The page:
Google has announced a series of changes to its Meet video conferencing platform designed to optimize and deepen the meeting experience for all participants, across all hardware types.
Most notably, from next month onwards, Meet users will be greeted with a new-look desktop interface that offers easier access to features and greater configurability during meetings. All meeting controls have also been brought under a single menu, opening up more space for video content.
In addition to letting users position their own video feed within the usual grid, the new Meet will allow users to break out their “self-feed” into a floating window that can be repositioned and resized as necessary. This could be particularly useful on mobile devices, which demand tight optimization of screen real estate.
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The grid view itself will also receive a major overhaul, with a new option to pin multiple video feeds at once. Images shared by Google suggest pinned feeds will automatically align themselves in the neatest possible orientation, whether the pinned users are running portrait or landscape mode.
Google Meet update
Although some might expect the prominence of video conferencing services to fade in the coming months with the return to the office, Google believes these platforms will play an equally significant (if slightly altered) role.
“Virtual meetings have been at the center of work’s global transformation this past year. Long before the pandemic, they played a crucial role for distributed teams, but now they’ve become the glue that holds the work day together,” said Dave Citron, Director of Product Management, Google Meet.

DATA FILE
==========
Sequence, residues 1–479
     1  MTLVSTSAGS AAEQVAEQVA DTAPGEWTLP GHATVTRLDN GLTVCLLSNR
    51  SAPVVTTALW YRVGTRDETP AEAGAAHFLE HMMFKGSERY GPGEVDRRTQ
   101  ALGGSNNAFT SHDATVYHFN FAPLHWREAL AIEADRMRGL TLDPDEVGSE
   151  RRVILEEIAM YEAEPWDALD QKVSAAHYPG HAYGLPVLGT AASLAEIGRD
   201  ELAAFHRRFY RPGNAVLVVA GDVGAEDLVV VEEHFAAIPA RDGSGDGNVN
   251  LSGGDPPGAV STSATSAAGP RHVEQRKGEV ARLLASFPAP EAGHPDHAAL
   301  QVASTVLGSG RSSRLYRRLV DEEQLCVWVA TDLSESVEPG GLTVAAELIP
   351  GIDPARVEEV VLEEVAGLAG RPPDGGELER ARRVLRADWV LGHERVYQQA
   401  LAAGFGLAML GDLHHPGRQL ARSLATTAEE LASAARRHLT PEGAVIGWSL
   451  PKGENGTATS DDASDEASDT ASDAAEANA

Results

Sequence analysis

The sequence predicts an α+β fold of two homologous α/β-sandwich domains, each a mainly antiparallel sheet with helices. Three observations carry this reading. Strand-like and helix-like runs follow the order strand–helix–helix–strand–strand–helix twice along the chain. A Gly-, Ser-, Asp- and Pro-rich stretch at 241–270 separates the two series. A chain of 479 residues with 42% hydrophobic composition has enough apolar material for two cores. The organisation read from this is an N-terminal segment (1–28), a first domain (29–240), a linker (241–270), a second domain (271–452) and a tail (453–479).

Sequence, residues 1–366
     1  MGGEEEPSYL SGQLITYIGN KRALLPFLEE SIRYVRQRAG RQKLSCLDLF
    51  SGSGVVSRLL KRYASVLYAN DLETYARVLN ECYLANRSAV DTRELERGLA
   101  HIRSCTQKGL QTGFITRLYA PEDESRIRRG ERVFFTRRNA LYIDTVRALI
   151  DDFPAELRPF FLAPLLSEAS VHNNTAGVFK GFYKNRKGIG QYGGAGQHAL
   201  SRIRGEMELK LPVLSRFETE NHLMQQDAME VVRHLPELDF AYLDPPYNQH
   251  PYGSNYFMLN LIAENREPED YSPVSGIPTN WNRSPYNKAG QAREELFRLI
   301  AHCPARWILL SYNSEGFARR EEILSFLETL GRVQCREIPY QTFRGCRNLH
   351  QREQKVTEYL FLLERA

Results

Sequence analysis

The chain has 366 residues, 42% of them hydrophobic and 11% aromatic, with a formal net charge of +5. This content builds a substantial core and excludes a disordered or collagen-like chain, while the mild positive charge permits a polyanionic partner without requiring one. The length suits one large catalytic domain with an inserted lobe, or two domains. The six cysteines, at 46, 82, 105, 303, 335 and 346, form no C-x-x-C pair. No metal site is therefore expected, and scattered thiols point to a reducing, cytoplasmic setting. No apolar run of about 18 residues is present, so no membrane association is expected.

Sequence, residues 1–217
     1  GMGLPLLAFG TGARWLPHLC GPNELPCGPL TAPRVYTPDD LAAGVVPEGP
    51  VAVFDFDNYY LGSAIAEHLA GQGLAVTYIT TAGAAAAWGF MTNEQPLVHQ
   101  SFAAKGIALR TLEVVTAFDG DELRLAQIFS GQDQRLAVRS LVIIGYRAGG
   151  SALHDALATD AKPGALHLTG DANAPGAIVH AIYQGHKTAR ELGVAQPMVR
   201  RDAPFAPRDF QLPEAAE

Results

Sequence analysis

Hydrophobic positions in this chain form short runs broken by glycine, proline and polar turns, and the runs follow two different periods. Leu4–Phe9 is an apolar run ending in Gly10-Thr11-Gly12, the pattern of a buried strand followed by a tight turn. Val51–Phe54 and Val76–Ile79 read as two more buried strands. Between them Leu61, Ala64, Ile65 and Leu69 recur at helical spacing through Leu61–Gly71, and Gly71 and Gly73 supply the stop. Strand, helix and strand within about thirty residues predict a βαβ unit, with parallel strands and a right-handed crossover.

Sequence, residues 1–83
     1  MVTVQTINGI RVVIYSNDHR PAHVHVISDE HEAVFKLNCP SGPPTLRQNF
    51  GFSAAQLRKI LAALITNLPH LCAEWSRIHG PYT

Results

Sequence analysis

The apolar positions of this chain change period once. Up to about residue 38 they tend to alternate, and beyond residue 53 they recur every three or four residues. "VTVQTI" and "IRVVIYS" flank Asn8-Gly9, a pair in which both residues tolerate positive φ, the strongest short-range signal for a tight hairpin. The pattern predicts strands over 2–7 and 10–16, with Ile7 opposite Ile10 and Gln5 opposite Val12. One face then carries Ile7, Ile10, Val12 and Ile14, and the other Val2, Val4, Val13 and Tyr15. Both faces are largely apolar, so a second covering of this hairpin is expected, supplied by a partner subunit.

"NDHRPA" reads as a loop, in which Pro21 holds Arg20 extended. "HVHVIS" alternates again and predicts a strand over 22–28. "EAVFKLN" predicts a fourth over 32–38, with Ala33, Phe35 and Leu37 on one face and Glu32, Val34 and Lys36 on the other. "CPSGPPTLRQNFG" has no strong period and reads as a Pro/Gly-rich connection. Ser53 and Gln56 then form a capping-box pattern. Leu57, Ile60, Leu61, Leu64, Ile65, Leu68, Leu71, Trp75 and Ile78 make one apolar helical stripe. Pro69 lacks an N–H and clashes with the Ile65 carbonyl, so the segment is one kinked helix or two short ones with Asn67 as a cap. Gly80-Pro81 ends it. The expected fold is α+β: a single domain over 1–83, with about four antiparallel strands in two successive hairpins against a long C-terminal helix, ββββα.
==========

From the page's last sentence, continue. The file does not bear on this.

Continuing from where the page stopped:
“In a world of hybrid work, meetings aren’t just virtual or physical. They’re often a combination of the two as people connect from remote and in-person locations. So the concept of collaboration equity - the ability for everyone to contribute regardless of location, role, experience, language and device preference - is especially important.”
With this philosophy in mind, Google has been rolling out a variety of tools to improve meeting engagement, such as polling and Q&A functionality. And it hopes the new video configuration options will encourage more open discussion between participants.
Behind the scenes, Google will also deploy changes that allow Meet to detect under- and overexposure and adjust brightness automatically, ensuring attendees can always be seen. A new Autozoom feature, meanwhile, harnesses AI to optimize framing and position the user directly in front of the camera.
Finally, for those all-important “water cooler meetings”, Google will introduce a new video backgrounds feature which, although silly, will probably spice up a dull session.
The new Google Meet features will be rolled out piecemeal over the course of the coming months, starting in May.
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